Driving across Interstate 295, parking in a concrete lot near RFK Stadium and walking through a tall iron gate, it’s hard to imagine what awaits on the other side.
A wide footbridge sprawls out ahead, spanning a section of the Anacostia River that’s almost unrecognizable. Rather than the trash-strewn and polluted scenes associated with the District of Columbia’s “forgotten river,” here, wetlands flourish along the banks where the river parts around man-made Kingman and Heritage islands.
In 1916, the U.S. Army Corps of Engineers dredged the mud flats that were here — and thought to be a breeding ground for disease-carrying mosquitoes — to create the islands as the home for a recreational park in the middle of a growing metropolis.
But no money was set aside to make the park. The space languished. Airports and amusement parks were proposed over the years to make better use of the land. The islands were used for decades as unofficial dumping grounds, and old washers and refrigerators are still found hidden among the brush.
Residents started to speak up and, in 2007, the city selected Living Classrooms, a foundation that educates youth and young adults in the environment while improving it and the community, to head the island’s restoration.
Today, the public park that was originally intended is slowly coming to fruition.
On a drizzly August morning, roads carrying rush hour traffic bisect the expanse of water on each side of the footbridge, but the noise is a dull murmur here. An egret stands frozen in the wetland grasses, hunting for breakfast. Near the bridge, blooms of swamp rose mallows open wide to the morning dew.
But behind these beauties, a strip of phragmites reeds still tower. They’re one of many invasive plant species that took over the island during its decades of neglect.
“A couple of weeks ago we chopped them down. That was the first phase,” said Bryant Curry, the coordinator who heads Living Classroom’s Green Team on the islands. He goes on to explain a process he’s repeated several times in his six months on the project.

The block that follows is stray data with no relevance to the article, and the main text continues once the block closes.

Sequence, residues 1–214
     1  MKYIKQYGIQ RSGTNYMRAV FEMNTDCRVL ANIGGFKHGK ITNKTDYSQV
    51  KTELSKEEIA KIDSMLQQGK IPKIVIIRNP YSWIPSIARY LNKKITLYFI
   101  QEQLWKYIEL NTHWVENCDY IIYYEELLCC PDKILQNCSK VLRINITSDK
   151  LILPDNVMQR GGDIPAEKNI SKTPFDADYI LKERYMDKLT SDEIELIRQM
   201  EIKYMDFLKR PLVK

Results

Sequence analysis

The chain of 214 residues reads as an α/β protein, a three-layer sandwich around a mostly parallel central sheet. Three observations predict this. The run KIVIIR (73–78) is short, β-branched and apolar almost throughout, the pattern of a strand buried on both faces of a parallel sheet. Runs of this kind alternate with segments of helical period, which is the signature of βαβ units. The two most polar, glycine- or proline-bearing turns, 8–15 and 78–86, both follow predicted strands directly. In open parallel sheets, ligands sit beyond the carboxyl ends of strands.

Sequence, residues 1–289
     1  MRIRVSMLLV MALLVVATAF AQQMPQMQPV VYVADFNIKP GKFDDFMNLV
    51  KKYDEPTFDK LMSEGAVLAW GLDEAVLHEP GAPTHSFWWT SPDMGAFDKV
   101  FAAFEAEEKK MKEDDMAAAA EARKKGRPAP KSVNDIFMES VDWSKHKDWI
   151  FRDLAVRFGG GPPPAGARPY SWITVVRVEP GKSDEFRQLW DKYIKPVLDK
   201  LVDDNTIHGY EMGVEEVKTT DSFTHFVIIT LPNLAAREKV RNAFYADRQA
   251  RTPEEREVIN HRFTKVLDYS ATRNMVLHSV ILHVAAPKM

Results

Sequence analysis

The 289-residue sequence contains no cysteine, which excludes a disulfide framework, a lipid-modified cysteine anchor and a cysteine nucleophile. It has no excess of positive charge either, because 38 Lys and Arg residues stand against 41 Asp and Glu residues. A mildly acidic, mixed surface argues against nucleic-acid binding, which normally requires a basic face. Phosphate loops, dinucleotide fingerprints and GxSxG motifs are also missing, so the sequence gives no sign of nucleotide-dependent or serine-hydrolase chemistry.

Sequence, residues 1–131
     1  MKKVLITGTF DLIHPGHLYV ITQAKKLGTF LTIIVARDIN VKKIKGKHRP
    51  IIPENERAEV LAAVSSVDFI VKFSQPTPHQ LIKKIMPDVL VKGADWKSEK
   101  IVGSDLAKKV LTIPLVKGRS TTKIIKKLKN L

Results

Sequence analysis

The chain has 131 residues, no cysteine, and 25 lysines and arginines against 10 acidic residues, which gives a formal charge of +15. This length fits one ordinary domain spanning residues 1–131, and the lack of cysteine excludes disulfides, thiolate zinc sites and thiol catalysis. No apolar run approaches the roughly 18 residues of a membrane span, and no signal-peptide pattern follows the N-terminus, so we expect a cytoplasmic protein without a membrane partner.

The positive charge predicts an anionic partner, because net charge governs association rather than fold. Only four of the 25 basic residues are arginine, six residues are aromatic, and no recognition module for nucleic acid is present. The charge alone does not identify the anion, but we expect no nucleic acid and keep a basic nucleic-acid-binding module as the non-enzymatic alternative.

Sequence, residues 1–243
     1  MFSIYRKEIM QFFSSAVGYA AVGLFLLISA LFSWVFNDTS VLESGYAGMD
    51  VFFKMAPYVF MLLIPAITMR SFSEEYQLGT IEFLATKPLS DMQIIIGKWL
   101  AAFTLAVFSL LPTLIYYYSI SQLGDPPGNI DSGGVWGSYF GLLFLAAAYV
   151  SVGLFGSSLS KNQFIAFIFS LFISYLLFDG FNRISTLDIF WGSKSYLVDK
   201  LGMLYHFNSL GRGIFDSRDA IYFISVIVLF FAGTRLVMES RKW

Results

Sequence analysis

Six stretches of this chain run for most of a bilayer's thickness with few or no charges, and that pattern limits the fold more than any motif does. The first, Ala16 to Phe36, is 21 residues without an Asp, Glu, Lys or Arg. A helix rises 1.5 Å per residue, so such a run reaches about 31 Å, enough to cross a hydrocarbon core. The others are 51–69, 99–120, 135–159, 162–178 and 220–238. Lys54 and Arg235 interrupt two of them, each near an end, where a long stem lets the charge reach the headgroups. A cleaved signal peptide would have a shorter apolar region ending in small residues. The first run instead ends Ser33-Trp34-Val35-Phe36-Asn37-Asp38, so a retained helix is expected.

“We’ll let it regenerate and cut it down again and put an herbicide on it. The idea is it takes energy from the plant to re-sprout, and then the herbicide will finish it off.”
When asked whether a tall purple flower is invasive, too, Curry passes the baton to another team member.
“Which one is that, guys?”
“Purple loosestrife,” Shavay King offers. She tells us it’s also invasive and then lists off a few more plants she’s been tasked with identifying during her two seasons on the Green Team.
King, 24, came to the job from Living Classroom’s culinary program. She seems to have found her niche here, working with her hands to “make a nice area for people to come and relax.”
“I like it because, once I can see my progress — like I’m cutting down the trees and I can step back and see the water — I know I did good,” she says as we walk along one of the trails she’s helped to clear.
The team members work four days a week, and with volunteers on some weekends, to chip away at invasive plants like porcelain berry vines that have overpowered the natural vegetation. They use machetes and stump removers to clear new trails so more people can access and enjoy what this place is becoming.
Slowly, they’re turning the overgrown islands back into a natural oasis in the heart of the District of Columbia, one that’s building both water quality and the local community.
In the process, the Green Team members are learning job skills that could help them land careers in landscaping, green technology or watershed ecology. The team members, most of them 18 or 19 years old, are learning hard work, often in high summer heat, humidity, poison ivy — and amid terrible mosquitoes.
But, as they show off their handiwork on a walk through the island trails, they seem to recognize the import of it, that they’re rebuilding an asset for the community — and for the Anacostia River that many of them have lived near their whole lives.
Headquartered in Baltimore, Living Classrooms’ work has grown to encompass dozens of projects across the District, Maryland and Virginia. The programs are known for their impact not only on participants, but also on the urban, natural and maritime landscapes in which they take place.
"I can step back and see the water — I know I did good."
The Green Team at Kingman and Heritage islands is funded in part by a grant to maintain and improve the trail network from the District’s Department of Transportation.
Living Classrooms founder James Piper Bond says Kingman Island is one of the best examples of what the foundation is trying to accomplish.
“It’s pretty cool to see people enjoying the island,” Bond said. “Their eyes are full of wonder when they walk out there, in the middle of the city, and have this oasis.”